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This article is part of the Research Topic

Wildlife Welfare

Original Research ARTICLE Provisionally accepted The full-text will be published soon. Notify me

Front. Vet. Sci. | doi: 10.3389/fvets.2019.00195

Less is better. Avoiding redundant measurements in studies on wild birds in accordance to the Principles of the 3Rs

  • 1Swedish University of Agricultural Sciences, Sweden

The principles of the 3Rs apply to animal use in research regardless where the research is conducted. In wildlife research, particularly research on wild birds, 3R implementation lags behind research using laboratory, farm or pet animals. Raised 3R awareness and more field-adapted techniques and protocols are expected to improve the situation. Unpredictable access to animals entices the wildlife researcher to make the most of each caught animal, leading to potential over-use and violation of the 3Rs. In this study I statistically screened an existing set of bean goose biometric data for the existence of redundant measurement data. The results show that the distinction between the fabalis and rossicus subspecies (the main aim of the measurements) could be made with high accuracy on the basis of two, instead of the original 17 measurements. If the redundant measurements were excluded from the protocol, the geese would experience 82% reduction of time and 78% of estimated suffering. This would improve the welfare of the geese, ease the workload of the catching team and improve the quality of the research, all in accordance to the Principles of the 3Rs. For use in other studies that collect measurement data from animals, a step by step scheme for the statistical analyses is made available in an attached R script.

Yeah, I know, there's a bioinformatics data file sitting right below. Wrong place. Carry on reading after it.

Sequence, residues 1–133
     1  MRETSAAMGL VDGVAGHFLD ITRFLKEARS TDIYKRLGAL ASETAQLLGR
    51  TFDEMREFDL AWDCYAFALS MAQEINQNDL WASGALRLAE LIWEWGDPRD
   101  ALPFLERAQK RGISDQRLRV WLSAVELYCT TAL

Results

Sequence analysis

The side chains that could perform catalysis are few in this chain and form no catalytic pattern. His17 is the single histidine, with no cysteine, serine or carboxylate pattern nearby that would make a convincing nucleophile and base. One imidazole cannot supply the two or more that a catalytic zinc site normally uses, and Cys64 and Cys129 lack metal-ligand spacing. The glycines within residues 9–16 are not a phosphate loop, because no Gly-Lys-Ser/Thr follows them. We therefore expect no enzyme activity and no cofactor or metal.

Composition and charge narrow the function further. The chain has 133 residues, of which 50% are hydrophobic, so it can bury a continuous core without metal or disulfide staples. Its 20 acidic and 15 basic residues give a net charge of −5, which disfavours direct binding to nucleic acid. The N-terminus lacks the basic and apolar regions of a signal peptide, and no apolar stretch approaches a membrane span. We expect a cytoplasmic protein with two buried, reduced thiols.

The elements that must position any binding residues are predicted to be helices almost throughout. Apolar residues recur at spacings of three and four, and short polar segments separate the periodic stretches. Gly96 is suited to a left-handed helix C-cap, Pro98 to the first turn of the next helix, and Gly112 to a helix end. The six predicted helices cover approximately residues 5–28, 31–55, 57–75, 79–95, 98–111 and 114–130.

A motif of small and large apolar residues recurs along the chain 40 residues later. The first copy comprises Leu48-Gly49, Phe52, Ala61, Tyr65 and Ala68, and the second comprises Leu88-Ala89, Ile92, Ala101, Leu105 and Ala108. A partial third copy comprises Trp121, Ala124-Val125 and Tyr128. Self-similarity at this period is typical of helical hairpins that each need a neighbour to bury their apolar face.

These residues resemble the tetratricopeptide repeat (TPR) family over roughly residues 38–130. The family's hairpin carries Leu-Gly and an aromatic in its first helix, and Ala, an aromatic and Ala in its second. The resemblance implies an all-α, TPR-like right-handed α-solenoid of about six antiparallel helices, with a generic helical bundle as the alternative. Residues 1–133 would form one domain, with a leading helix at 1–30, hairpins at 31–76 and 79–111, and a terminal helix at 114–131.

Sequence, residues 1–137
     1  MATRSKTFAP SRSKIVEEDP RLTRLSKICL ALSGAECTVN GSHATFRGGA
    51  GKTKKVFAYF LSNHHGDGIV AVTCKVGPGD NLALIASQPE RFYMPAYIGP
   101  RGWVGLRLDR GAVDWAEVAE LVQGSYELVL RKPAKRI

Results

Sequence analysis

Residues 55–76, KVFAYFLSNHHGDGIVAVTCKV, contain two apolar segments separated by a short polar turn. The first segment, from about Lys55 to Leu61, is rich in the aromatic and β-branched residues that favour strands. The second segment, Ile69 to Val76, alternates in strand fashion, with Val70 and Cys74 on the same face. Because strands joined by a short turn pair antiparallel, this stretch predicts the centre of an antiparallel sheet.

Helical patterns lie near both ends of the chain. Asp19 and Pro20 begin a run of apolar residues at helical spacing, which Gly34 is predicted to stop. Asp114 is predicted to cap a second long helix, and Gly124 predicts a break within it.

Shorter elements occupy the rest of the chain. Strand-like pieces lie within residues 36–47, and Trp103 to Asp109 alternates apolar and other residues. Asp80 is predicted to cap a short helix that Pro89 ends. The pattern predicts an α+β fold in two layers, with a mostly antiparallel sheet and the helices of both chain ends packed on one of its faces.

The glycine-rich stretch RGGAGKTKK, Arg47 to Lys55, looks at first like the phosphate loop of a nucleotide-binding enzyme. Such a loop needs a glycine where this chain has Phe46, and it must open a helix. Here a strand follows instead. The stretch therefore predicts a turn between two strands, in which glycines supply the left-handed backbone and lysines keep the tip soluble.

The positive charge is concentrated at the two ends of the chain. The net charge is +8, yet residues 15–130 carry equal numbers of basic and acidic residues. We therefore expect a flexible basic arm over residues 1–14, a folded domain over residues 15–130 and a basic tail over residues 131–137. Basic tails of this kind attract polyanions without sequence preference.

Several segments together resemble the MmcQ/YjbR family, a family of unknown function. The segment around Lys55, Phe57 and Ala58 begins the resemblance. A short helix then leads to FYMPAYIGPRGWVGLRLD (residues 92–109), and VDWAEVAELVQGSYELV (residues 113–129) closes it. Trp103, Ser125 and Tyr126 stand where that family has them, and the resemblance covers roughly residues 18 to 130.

Keywords: Principles of the 3Rs, Redundant measurements, Anser fabalis, R script, welfare, Bird studies

Received: 30 Jun 2018; Accepted: 31 May 2019.

Edited by:

Andrew Butterworth, University of Bristol, United Kingdom

Reviewed by:

Elin M. Weber, Swedish University of Agricultural Sciences, Sweden
Shari Cohen, The University of Melbourne, Australia
Luciana Honorato, Federal University of Santa Catarina, Brazil  

Copyright: © 2019 De Jong. This is an open-access article distributed under the terms of the Creative Commons Attribution License (CC BY). The use, distribution or reproduction in other forums is permitted, provided the original author(s) and the copyright owner(s) are credited and that the original publication in this journal is cited, in accordance with accepted academic practice. No use, distribution or reproduction is permitted which does not comply with these terms.

* Correspondence: Dr. Adriaan De Jong, Swedish University of Agricultural Sciences, Uppsala, Sweden, adriaan.de.jong@slu.se